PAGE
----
The Gnostics

Ralph Waldo Emerson Ralph Waldo Emerson (May 25, 1803 – April 27, 1882) was an American writer and poet who gave 1,500 public lectures across the United States. He led the way towards mainstream interest in mysticism. A telling state that summarizes his view: "Philosophically considered, the universe is composed of Nature and the Soul." When asked to sum up his work, he said his central doctrine was "the infinitude of the private man." He was mentor and friend to Henry David Thoreau.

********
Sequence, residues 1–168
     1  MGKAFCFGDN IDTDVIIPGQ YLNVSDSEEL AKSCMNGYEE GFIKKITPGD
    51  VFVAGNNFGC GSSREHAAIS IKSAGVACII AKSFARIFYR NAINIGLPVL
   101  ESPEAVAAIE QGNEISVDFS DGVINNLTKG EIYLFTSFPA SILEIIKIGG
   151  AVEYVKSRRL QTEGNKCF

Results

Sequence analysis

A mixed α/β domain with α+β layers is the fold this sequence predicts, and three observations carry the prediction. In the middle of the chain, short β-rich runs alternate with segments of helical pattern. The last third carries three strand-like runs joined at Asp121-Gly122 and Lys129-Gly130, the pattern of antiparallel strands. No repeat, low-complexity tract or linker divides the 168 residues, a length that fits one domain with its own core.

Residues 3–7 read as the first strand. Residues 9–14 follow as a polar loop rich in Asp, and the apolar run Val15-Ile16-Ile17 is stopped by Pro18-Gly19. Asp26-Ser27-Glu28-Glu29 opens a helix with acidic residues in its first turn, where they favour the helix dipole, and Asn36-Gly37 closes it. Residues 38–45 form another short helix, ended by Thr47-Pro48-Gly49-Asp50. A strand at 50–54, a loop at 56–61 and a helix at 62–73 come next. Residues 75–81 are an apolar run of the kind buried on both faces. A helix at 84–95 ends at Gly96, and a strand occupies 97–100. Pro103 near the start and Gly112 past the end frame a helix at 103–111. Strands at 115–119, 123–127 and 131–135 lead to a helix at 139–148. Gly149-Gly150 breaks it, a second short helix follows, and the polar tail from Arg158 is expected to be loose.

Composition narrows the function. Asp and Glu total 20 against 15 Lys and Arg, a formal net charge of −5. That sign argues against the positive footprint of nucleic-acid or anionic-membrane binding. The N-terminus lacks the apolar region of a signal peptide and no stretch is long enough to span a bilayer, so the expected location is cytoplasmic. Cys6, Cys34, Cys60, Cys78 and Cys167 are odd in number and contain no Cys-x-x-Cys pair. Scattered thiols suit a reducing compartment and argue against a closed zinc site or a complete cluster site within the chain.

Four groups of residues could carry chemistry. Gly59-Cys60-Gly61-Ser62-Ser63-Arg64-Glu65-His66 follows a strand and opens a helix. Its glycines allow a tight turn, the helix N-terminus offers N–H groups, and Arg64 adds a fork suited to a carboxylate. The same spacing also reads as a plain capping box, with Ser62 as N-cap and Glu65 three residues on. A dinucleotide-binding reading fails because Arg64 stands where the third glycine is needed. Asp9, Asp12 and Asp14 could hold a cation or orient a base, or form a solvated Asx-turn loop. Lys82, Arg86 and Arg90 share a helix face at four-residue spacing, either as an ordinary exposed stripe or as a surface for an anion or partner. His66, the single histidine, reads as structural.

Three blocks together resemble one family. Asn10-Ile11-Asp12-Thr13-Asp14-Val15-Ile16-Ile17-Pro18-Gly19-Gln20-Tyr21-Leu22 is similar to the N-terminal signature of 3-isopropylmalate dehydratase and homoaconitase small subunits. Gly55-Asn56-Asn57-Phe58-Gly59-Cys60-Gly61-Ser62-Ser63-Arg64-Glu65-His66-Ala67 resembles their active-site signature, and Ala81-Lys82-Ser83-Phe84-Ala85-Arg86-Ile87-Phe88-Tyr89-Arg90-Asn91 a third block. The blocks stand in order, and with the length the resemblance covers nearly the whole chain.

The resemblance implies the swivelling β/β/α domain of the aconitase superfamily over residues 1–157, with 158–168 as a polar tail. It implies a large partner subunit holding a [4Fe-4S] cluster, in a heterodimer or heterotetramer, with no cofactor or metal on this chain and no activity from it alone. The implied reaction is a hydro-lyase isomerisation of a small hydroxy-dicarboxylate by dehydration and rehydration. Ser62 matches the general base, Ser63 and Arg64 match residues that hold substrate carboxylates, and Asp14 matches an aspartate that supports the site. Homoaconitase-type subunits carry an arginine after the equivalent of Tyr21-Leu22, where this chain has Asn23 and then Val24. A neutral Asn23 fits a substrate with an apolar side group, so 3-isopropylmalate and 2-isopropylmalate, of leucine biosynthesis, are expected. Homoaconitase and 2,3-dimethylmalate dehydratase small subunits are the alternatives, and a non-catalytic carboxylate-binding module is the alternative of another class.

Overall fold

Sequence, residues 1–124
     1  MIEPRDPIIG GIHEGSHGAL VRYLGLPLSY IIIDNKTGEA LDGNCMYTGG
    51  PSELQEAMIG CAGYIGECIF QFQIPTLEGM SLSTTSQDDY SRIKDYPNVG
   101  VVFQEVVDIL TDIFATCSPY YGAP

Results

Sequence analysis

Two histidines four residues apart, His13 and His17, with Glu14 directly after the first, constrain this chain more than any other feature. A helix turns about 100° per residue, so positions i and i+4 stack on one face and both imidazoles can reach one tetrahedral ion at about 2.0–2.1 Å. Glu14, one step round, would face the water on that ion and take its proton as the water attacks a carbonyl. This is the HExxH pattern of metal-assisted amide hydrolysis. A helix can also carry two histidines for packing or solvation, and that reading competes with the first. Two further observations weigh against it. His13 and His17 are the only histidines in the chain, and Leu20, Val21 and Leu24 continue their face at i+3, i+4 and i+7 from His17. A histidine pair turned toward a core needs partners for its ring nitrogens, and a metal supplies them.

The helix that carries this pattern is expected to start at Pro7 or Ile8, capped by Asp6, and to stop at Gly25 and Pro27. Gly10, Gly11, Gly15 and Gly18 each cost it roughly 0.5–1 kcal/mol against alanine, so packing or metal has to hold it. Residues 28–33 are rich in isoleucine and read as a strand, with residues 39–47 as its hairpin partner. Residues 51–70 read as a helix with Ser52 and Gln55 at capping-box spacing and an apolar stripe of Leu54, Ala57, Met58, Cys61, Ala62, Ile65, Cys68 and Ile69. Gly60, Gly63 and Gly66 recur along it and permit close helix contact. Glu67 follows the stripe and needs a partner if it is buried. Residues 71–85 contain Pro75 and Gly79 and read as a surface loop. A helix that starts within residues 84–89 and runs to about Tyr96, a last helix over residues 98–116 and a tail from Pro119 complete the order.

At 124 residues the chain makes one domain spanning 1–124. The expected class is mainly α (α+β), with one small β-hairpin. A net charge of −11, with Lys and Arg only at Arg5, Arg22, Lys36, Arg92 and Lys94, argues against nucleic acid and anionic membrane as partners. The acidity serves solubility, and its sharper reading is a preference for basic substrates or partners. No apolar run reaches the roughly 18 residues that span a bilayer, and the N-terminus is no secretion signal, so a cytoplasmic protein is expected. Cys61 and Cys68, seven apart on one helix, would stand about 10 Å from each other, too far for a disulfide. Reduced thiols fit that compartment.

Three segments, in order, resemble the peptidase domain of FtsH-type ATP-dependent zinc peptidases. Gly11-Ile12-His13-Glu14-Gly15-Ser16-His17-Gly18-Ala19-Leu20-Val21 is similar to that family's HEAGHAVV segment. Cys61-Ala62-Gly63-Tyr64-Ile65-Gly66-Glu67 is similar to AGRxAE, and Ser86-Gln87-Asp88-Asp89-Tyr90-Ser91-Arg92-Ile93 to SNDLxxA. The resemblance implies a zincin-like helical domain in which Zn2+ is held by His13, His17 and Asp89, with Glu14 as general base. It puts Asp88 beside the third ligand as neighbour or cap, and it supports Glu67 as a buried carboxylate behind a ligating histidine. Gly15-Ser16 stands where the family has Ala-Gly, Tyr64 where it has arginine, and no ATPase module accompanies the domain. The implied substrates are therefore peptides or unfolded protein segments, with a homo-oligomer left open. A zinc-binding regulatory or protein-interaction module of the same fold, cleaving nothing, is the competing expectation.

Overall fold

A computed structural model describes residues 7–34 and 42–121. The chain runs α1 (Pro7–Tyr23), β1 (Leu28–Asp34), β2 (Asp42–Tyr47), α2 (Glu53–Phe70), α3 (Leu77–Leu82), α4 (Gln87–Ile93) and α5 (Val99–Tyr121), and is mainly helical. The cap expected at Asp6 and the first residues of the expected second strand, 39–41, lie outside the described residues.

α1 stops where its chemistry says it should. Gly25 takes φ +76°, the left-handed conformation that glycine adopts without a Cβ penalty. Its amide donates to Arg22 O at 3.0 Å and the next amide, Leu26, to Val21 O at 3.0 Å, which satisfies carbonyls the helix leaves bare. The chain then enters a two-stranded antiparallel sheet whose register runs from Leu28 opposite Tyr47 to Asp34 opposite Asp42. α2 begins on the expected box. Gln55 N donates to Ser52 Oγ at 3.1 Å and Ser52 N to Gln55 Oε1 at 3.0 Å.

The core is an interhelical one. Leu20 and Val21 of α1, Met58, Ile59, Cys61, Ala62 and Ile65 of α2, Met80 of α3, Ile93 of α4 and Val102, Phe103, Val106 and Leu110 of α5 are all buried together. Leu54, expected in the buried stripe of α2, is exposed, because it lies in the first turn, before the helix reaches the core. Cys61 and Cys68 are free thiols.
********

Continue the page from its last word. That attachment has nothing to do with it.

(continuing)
"The nearer one can approach his Innermost, the greater is the expression of his teachings for man. Emerson and Carlyle, whom we again mention, for they were of the few who worked from the inner planes, often brought their torch of divinity within other minds." - M, The Dayspring of Youth

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"Tremendous is the effort and the vigilance that is needed from second to second, from moment to moment, in order to not fall into illusions. One minute of unawareness is enough for the mind to be already dreaming about something else, distracting it from the job or deed that we are living at the moment."